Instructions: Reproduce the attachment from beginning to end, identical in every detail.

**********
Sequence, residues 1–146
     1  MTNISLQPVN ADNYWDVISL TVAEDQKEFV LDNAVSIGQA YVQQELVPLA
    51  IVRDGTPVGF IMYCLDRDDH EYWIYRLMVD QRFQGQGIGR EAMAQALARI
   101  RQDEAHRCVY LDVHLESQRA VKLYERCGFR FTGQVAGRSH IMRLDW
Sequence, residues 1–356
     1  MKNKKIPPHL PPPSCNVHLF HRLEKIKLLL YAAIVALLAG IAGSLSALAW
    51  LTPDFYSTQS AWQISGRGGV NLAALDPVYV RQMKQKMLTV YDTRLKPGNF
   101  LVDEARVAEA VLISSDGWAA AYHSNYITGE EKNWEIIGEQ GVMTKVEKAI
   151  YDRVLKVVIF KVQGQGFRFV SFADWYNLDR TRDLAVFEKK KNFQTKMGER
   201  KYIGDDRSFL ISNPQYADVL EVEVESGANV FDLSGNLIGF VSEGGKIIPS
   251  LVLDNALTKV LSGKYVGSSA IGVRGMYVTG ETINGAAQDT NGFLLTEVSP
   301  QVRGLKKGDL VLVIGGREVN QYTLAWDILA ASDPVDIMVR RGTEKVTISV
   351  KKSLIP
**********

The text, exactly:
Sequence, residues 1–146
     1  MTNISLQPVN ADNYWDVISL TVAEDQKEFV LDNAVSIGQA YVQQELVPLA
    51  IVRDGTPVGF IMYCLDRDDH EYWIYRLMVD QRFQGQGIGR EAMAQALARI
   101  RQDEAHRCVY LDVHLESQRA VKLYERCGFR FTGQVAGRSH IMRLDW
Sequence, residues 1–356
     1  MKNKKIPPHL PPPSCNVHLF HRLEKIKLLL YAAIVALLAG IAGSLSALAW
    51  LTPDFYSTQS AWQISGRGGV NLAALDPVYV RQMKQKMLTV YDTRLKPGNF
   101  LVDEARVAEA VLISSDGWAA AYHSNYITGE EKNWEIIGEQ GVMTKVEKAI
   151  YDRVLKVVIF KVQGQGFRFV SFADWYNLDR TRDLAVFEKK KNFQTKMGER
   201  KYIGDDRSFL ISNPQYADVL EVEVESGANV FDLSGNLIGF VSEGGKIIPS
   251  LVLDNALTKV LSGKYVGSSA IGVRGMYVTG ETINGAAQDT NGFLLTEVSP
   301  QVRGLKKGDL VLVIGGREVN QYTLAWDILA ASDPVDIMVR RGTEKVTISV
   351  KKSLIP